Wednesday, December 21, 2016

Letter to a young graduate

A student recently emailed me his final assignment, and sent along with it a nice note thanking me for all I’d taught him.

I took the opportunity to share with him a few additional thoughts.

Hi ____,

Thank you for your note. Of course, our goal as faculty is to teach you, but we’re not always sure we succeed, so it’s good to hear about it when we do. And I’ll take your message as permission to try to have one last set of ideas stick with you before I recede into the haze of your college memories.

As you head off to make a career in finance, I find myself torn, wanting success for you but also nervous about where you might find yourself. My relationship with the workings of finance isn’t exactly love / hate. It's more like fascination-and-wonder / rage.

Let me explain.

I think it was in one of the classes you had with me that I addressed the idea of the “real” economy.

The standard terminology is that there’s the “real” economy, where goods are made and services are provided. And there’s the “financial” economy, where people trade stocks, bonds, derivatives, and whatever else they can think of. It’s not “real” because it’s just paper, it’s just ownership or claims on stuff. If you buy a car, you can touch the car, you can drive it. If you pay to go to the theater, or to college, you have the experience of seeing a play, or building your mind. So goods and services are “real,” and then there’s finance.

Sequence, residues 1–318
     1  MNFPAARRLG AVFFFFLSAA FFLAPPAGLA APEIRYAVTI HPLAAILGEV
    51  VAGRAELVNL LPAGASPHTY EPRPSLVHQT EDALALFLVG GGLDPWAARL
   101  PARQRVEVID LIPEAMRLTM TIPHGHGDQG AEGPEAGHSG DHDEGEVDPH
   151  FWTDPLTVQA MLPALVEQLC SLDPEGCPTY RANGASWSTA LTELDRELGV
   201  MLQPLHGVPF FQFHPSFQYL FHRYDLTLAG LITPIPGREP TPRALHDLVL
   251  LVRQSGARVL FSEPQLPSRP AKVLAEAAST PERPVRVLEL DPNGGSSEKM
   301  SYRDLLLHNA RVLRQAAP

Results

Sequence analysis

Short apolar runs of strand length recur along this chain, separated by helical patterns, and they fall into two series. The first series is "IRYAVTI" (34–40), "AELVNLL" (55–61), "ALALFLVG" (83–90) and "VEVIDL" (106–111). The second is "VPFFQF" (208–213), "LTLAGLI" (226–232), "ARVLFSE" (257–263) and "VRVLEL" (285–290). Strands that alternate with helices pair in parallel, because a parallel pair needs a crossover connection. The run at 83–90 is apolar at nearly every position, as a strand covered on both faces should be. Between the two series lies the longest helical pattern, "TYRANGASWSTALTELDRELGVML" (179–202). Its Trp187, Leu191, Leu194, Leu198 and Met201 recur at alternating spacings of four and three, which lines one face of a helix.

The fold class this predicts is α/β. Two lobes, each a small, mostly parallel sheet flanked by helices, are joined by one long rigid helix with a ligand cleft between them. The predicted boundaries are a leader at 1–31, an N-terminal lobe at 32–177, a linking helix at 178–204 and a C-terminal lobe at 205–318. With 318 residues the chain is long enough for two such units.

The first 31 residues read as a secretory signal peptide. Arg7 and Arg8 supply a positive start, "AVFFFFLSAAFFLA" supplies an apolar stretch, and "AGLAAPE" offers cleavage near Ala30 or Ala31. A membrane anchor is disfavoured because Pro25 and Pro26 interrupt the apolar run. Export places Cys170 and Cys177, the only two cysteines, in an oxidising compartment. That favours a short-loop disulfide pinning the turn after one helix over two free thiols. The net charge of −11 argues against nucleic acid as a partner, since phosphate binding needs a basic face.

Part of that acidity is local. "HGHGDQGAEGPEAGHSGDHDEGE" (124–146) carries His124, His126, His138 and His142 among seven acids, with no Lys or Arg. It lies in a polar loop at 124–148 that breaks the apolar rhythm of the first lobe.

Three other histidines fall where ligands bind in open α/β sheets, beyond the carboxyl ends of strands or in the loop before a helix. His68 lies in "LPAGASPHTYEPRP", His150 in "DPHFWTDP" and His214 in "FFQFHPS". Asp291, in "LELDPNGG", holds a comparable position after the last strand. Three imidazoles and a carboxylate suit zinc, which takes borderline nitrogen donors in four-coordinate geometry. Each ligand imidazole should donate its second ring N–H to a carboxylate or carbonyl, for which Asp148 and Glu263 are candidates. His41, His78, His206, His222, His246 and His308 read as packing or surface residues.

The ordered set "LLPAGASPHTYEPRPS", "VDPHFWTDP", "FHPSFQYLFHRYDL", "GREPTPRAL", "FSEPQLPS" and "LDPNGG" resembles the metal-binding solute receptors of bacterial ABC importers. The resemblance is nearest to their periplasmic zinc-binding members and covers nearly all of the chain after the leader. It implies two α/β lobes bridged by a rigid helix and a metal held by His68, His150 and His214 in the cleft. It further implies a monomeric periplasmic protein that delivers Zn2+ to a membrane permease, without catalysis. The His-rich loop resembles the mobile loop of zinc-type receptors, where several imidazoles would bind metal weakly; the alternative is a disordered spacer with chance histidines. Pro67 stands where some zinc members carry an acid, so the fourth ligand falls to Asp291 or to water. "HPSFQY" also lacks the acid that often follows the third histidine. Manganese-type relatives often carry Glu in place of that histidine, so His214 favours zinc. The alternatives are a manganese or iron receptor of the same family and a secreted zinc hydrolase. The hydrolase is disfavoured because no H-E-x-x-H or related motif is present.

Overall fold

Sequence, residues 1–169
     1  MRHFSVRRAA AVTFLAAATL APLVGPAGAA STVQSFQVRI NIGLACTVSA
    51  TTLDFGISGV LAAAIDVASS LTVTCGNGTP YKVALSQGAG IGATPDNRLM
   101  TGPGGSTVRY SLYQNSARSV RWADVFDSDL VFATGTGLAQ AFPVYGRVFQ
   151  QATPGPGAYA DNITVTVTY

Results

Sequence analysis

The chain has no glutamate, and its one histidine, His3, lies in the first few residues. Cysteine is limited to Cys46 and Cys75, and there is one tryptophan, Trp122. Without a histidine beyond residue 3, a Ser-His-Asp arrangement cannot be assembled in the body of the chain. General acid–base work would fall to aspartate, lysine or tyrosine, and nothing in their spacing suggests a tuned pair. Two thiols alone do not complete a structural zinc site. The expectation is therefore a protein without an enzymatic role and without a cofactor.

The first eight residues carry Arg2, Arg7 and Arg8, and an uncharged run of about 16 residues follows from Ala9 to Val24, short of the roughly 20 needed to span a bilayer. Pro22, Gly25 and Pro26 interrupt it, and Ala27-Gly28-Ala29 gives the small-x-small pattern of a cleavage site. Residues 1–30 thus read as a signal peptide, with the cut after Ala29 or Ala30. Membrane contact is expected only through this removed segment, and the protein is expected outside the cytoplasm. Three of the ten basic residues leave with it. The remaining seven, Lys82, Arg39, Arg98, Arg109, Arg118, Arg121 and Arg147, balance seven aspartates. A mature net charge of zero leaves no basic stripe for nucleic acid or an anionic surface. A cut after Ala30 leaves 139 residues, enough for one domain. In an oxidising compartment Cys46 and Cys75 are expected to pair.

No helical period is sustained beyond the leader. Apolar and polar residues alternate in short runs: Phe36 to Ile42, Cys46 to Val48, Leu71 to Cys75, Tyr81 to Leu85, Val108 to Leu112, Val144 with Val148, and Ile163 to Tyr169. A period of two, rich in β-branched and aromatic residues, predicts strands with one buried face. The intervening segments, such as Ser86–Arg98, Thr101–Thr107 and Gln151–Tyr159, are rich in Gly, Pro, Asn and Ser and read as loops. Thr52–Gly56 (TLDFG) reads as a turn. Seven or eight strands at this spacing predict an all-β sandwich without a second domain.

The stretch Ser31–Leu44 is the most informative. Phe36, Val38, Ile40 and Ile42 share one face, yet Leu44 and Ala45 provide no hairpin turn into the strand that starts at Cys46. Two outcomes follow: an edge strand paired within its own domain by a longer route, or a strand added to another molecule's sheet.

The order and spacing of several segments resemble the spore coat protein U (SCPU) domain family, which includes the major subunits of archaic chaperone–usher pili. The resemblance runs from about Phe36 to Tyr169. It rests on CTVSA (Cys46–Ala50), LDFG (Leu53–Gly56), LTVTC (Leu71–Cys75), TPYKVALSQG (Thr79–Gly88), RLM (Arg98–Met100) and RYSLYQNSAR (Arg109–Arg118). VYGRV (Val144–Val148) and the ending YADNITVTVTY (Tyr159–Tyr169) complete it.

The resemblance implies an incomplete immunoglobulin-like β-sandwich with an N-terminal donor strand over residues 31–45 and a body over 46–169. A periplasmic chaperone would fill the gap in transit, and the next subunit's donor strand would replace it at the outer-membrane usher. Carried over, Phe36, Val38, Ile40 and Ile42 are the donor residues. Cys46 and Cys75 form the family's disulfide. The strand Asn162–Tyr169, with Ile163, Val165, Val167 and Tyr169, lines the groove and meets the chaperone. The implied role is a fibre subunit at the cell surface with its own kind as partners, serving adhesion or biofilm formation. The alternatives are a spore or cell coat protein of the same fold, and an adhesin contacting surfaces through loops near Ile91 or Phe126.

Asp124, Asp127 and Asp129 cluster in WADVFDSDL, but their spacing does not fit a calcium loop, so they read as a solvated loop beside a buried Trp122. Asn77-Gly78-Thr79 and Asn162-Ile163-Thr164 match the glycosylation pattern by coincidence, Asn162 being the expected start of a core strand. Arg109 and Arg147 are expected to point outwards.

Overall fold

I understand what those terms are getting at, but I think the use of the word “real” in that particular way is unfortunate.

I prefer to think of the production of goods and the provision of services as the “physical” economy. A car is obviously physical, but so is a visit to the doctor: you had to be physically present, the doctor had to physically examine you, the lab tech had to physically extract blood which would then be physically tested.